It doesn’t happen a lot, but when the boys complain that they are bored I nod and say yeah, it’s okay to feel that way. The discomfort of boredom is just the feeling that your brain is casting around for something to hook onto. Don’t rush to grab the first flashy thing just to end boredom as quickly as possible. Give in to it for awhile. Let your mind and your interests wander a bit, ruminate. Let ideas percolate. It is okay. The process always yields something cool. Like folding post-it notes into shapes of letters and spelling things out across the table. Or seeing how many times you can scrunch up and flatten out a piece of tin foil, or training the dog to find a treat hidden somewhere in the living room, or inventing a new card game. Or picking up a book you forgot to ever finish. Or going for a walk, or making toast for everyone, or seeing if you can cut a slick of pear thin enough to look through.
If they complain again, I offer to make them take the trash out or work on some exciting grammar exercises. Next I kindly offer to chop off one of their arms so A) the day would be more memorable, B) we could take an exciting trip in an ambulance and C) everyday tasks would be more of a challenge so they’d never be bored again.
If they complain again, “I’m bored!” then I say “Me too. Entertain me!” and then they have to find their harmonicas and dance me a jig.
And if still they complain, “WE ARE BORED.” I say “NO, YOU’RE BORED. The whole system is bored!”
Or I tell them the story of the old rabbit who fretted while he was waiting for his annuity to be funded, until finally after a series of mishaps he called his accountant who assured him that his retirement strategy was well diversified. In a delightful side story the rabbit looked up the word annuity in the dictionary to confirm that he understood what it was, but this only confounded him further as he needed to look up some of the words used to describe the term and on and on this went until he found himself deep in an Escheresque Webster’s fractal, a type of learning experience ironically known in research circles “as going down the rabbit hole”.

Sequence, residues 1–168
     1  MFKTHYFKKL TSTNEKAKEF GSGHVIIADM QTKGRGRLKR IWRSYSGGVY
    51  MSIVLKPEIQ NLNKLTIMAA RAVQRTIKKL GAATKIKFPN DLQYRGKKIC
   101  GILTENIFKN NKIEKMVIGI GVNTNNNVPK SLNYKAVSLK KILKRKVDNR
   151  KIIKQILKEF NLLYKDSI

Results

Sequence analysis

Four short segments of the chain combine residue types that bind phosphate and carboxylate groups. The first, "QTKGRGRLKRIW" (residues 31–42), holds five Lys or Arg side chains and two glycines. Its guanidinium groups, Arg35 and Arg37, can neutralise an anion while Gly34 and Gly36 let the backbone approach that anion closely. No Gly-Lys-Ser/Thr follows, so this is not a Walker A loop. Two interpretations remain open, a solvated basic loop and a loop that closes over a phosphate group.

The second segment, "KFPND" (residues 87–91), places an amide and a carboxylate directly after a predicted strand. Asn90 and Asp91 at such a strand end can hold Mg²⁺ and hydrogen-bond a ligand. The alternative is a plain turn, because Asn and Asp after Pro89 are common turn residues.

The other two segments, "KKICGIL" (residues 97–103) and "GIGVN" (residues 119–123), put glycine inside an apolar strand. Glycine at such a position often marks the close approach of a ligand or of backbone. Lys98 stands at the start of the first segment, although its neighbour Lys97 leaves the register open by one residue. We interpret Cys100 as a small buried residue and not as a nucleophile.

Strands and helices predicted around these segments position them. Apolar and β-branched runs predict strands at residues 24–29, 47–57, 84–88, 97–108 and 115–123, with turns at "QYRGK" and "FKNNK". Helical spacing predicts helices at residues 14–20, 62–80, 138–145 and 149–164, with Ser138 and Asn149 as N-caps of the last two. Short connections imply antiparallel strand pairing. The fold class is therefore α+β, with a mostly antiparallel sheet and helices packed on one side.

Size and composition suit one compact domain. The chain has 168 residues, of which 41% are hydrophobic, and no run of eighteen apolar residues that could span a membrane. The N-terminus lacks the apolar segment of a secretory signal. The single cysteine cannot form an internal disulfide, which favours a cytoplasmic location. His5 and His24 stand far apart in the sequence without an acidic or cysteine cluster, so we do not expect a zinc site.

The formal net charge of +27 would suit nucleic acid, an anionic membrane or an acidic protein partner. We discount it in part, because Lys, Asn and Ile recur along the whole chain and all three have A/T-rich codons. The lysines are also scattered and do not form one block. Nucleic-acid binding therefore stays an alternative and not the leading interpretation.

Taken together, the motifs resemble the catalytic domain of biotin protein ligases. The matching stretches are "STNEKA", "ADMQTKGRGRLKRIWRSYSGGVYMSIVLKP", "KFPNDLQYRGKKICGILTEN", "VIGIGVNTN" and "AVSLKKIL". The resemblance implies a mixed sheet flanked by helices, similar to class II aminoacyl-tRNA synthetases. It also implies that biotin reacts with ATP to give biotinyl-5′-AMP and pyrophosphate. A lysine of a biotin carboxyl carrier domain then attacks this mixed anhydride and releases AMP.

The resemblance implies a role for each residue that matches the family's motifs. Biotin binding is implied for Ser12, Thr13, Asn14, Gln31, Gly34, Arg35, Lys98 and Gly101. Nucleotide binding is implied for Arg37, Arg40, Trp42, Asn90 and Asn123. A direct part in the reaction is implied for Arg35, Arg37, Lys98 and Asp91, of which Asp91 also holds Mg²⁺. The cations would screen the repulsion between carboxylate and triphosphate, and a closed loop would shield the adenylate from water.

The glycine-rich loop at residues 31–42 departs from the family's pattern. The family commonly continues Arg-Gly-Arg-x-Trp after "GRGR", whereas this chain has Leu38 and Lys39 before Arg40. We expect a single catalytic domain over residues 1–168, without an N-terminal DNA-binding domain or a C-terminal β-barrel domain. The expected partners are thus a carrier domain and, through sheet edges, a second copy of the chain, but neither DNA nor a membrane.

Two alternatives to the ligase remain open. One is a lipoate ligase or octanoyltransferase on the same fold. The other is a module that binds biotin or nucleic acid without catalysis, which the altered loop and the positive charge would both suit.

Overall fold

The seventh or eight time they say they’re bored I tell them I won’t believe them unless they write it backwards and show me in the mirror.
The ninth time I tell them that boredom is the inverse of de ja vu, and it only happens on days when time is running backwards. This gives them the delightful experience of explaining why everything I just said makes NO sense. The eye-rolling alone helps kill several minutes, plus counts as exercise.
If they complain again I congratulate them and say I will punch their loyalty card. The eleventh bout of ennui is free!
Next I make them look up the definition of the word ennui. Also: Annoy, angst, annuity.
If they’re still bored after a day that I have by now packed full of amusing activities, I point out that I for one haven’t been bored for hours. Maybe they should find a person younger than themselves who is bored and think of helpful suggestions for that person. Helping others feels great!
Eventually I will lose interest in trying to help them remedy their boredom. At this point I recommend watching me take a nap or reading one of my old college textbooks or watching a documentary about the Brooklyn bridge. Which sort of backfires because they sarcastically try my suggestion and then I wake up to them saying “GUESS WHAT. The first guy who designed the bridge DIED in a bridge accident and then his son took over and then HE almost died so that guy’s wife did most of the work and this is SO COOL!”
Then I don’t know whether to feel glad because my kids are documentary-loving dorks like me or lame because after all that I used television to solve their boredom for them. I settle for smug because I got to take a nap.